Having spent a fair bit of time immersed in Mandela for the past few days, I still wouldn't call myself an expert on South African politics, but I don't feel as guilty about it. This is an incredible book. It interweaves Mandela's life with the politics of his country -- because, as one person notes, the two are inseparable -- but more than that, it reveals the enormous humanity of the man. This aspect of the book touches me deeply.
Most biographies are written in the voice of one person, and that person usually has a personal axe to grind. In the case of Mandela, the publishers commissioned more than sixty interviews with people who have come into contact with Mandela at different points in his life -- from Archbishop Desmond Tutu to Bill Clinton to Bono -- and this approach gives you a unique 360-degree look at Mandela, who like all of us, was many things to many people.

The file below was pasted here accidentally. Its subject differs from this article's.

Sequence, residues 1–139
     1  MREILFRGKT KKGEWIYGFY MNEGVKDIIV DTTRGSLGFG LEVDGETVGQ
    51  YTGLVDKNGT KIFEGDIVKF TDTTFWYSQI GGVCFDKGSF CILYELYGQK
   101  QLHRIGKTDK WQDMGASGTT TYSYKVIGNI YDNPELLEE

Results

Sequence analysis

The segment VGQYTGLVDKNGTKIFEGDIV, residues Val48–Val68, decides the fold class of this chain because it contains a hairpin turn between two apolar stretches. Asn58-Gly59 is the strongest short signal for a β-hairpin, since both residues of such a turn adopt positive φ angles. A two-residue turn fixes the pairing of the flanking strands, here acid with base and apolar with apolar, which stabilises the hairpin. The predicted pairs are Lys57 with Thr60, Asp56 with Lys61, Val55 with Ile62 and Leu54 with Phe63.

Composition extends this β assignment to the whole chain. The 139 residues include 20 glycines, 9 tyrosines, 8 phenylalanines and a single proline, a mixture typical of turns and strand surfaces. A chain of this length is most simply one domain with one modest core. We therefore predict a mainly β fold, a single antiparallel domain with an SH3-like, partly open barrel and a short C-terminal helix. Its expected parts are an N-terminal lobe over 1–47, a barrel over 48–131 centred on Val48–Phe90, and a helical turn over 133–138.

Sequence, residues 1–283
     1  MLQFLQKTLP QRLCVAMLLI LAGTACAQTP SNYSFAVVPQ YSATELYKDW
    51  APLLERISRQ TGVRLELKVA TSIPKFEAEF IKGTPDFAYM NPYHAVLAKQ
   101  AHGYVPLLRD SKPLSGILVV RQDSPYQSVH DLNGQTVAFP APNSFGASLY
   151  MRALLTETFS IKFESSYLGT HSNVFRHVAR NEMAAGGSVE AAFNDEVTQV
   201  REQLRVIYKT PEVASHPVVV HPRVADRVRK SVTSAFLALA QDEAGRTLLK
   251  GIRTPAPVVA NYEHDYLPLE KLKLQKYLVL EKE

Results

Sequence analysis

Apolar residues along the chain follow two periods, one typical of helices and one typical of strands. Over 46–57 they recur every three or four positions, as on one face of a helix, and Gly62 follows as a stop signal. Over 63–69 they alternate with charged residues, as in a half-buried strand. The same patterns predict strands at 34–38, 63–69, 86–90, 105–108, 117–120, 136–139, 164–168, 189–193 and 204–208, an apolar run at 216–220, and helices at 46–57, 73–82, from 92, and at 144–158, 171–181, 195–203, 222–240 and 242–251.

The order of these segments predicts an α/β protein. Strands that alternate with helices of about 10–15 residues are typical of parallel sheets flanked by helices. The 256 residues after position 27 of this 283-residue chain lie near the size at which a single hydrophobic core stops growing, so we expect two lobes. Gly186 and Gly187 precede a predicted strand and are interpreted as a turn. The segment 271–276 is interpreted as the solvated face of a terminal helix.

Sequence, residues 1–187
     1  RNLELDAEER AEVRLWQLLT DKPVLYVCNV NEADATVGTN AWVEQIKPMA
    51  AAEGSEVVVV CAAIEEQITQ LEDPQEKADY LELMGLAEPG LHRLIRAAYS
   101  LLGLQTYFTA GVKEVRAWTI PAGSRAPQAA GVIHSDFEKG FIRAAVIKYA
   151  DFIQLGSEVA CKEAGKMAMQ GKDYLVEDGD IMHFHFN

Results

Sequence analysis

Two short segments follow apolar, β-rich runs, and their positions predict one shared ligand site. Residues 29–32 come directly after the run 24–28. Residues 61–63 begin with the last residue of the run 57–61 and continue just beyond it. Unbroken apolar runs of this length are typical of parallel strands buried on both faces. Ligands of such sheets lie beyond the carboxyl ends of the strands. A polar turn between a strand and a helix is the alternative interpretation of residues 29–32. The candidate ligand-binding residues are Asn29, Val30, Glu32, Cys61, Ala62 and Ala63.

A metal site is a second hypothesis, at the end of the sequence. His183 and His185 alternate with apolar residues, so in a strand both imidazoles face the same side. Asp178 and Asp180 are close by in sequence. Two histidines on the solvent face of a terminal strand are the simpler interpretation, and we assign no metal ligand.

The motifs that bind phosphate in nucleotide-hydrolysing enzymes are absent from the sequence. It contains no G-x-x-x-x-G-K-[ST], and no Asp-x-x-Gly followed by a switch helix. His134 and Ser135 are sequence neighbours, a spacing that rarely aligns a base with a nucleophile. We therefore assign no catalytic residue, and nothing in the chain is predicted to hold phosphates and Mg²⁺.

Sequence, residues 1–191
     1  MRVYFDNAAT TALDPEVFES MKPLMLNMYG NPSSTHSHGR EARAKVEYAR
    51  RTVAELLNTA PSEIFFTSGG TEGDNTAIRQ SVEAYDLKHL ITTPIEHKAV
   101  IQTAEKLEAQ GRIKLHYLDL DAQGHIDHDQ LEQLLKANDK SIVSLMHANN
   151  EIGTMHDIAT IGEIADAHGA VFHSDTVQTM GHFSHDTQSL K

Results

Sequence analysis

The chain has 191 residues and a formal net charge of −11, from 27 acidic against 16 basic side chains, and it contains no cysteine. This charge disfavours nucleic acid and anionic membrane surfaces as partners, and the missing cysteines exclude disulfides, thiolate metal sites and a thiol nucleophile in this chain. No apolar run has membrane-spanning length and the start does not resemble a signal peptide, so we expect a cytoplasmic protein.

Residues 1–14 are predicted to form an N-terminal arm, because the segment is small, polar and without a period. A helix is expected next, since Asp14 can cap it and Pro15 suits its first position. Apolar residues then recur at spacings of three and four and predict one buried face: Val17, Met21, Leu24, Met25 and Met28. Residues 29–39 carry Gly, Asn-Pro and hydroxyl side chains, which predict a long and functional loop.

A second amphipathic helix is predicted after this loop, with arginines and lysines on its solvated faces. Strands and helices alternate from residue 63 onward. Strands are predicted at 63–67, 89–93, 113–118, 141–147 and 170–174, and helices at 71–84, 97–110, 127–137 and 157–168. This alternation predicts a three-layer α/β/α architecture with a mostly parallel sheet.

To politicians such as Clinton and Tony Blair, Mandela was a model of forgiveness. Interestingly, they each note Mandela's ability to acknowledge his former hatred of his white captors in order to rise above it so that he could proceed to create a unified South Africa.
To people more intimately acquainted with Mandela, such as Maharaj and Archbishop Tutu, Mandela is a more complex figure. They speak of him with enormous affection and respect, but they don't demonstrate the almost fawning devotion that Mandela seems to elicit from the general public. Maharaj speaks wrily and humorously of the many times that Mandela has frustrated him personally, and Archbishop Tutu notes Mandela's weaknesses, including his unshakeable loyalty to his former comrades, which from time to time interferes with his judgment.